Despite the problems with the spoonbread, we'd probably get this again!

 

Ready for the coming week, with 9 meals: Sun Basket, Purple Carrot (TB12), and Blue Apron.  Liamsaunt, did you make your asparagus pesto pasta yet?

 

 

 


Edited by SJMitch (log)
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8 hours ago, SJMitch said:

Ready for the coming week, with 9 meals: Sun Basket, Purple Carrot (TB12), and Blue Apron.  Liamsaunt, did you make your asparagus pesto pasta yet?

 I have not. I did not cook this weekend. Saturday we hosted a dinner in a restaurant for my inlaws 50th anniversary, and yesterday we skipped dinner in favor of a U2 concert. If the veggies are still fresh I may make it this evening and serve it with scallops from my fish share. 

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And ... back to Purple Carrot (TB12) for dinner (they arrived this morning). First up is a  corn and poblano tortilla pie with orange-peppadew salsa.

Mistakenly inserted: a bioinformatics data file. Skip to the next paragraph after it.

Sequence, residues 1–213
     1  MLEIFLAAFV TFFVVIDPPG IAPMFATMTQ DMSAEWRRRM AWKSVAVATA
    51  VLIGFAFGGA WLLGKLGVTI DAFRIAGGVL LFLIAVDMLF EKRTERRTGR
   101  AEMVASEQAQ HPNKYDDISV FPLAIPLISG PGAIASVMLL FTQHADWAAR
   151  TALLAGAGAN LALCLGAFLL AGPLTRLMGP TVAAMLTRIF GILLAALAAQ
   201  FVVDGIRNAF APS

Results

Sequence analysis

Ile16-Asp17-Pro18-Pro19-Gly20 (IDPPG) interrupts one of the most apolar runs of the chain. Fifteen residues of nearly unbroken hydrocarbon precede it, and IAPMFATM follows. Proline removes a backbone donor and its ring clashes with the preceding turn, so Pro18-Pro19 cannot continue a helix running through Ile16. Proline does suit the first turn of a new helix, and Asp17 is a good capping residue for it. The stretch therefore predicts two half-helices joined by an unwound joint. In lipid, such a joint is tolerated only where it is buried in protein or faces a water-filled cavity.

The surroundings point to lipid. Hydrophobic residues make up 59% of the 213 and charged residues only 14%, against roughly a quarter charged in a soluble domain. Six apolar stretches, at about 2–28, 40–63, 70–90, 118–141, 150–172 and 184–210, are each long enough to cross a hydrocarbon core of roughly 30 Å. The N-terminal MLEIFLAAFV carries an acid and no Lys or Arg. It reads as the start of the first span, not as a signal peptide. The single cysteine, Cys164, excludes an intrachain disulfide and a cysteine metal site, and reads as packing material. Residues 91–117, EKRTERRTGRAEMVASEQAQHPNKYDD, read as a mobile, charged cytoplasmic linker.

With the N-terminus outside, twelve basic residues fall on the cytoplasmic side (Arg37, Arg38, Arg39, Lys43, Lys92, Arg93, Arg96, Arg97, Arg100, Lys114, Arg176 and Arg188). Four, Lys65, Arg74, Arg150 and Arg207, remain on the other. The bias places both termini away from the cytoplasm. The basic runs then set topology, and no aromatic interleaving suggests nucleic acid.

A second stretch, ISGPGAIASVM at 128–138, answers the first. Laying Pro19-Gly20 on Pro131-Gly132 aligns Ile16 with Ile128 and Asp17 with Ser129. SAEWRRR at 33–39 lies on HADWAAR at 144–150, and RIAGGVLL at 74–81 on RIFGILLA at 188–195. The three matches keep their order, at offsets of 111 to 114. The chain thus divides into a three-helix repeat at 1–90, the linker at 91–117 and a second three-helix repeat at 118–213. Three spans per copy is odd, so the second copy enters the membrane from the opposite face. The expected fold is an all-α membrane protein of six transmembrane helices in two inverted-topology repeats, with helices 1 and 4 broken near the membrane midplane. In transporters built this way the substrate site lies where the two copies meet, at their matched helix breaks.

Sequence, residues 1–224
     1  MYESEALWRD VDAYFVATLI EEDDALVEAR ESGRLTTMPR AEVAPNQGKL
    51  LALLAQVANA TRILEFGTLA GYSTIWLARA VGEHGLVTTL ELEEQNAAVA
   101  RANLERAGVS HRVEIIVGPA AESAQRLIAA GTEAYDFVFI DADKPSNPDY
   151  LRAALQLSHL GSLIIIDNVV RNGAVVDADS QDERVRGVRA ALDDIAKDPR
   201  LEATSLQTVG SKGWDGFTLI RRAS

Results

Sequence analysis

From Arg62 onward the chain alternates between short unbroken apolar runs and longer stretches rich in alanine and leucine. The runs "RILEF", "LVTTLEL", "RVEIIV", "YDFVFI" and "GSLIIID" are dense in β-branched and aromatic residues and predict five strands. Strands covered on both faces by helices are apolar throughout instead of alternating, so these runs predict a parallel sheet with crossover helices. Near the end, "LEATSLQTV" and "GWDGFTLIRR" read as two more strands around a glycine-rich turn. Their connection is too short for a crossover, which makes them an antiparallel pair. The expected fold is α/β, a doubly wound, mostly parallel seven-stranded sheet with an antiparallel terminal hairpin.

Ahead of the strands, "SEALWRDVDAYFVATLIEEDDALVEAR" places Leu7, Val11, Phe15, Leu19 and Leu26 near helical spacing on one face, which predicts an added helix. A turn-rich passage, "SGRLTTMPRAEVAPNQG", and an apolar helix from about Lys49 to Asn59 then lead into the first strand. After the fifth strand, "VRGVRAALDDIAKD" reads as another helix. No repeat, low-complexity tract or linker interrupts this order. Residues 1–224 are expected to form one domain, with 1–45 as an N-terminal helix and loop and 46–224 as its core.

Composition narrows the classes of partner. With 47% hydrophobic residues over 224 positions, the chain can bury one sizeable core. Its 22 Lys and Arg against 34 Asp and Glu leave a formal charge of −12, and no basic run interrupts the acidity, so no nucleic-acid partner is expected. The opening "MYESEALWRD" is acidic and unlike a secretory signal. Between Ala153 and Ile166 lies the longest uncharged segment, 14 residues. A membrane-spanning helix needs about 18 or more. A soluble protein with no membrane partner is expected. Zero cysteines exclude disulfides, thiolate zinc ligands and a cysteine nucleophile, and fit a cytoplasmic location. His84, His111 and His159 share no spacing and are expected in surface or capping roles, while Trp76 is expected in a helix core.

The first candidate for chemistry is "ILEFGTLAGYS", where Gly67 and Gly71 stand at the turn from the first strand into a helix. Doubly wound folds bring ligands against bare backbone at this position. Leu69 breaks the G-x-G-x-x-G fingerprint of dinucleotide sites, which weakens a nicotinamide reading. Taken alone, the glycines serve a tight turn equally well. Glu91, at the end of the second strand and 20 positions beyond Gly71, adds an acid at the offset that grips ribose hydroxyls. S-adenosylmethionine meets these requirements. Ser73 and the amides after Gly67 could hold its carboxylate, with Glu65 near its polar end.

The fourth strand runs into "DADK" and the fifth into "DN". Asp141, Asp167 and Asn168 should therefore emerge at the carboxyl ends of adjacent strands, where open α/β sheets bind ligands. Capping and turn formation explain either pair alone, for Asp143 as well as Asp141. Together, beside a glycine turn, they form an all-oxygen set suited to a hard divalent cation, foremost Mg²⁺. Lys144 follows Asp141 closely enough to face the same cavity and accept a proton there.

For this one we would be eating dinner very late in the day so I pre-prepped the ingredients (chopping and salsa assembly) hours in advance:

 

IMG_20170627_185619.jpg.6e12ab9acf33db6f3d1d64889fa3af86.jpg

 

The peppadew salsa was great!  So easy. Since Whole Foods carries peppadew on the olive bar, I can see making this from time to time.  Just a mix of peppadew, orange, lime juice and cilantro.  That's it.

 

The tortilla pie was made with beans, corn, poblano pepper, onion, spices, and a little vegan cream cheese (got it this time!).  The vegan cream cheese is why they call it a 'quesadilla', but it just adds a subtle note of creaminess.

 

IMG_20170627_203450.jpg.52f8e5a7628c8b8d5e9533fd040f41d1.jpg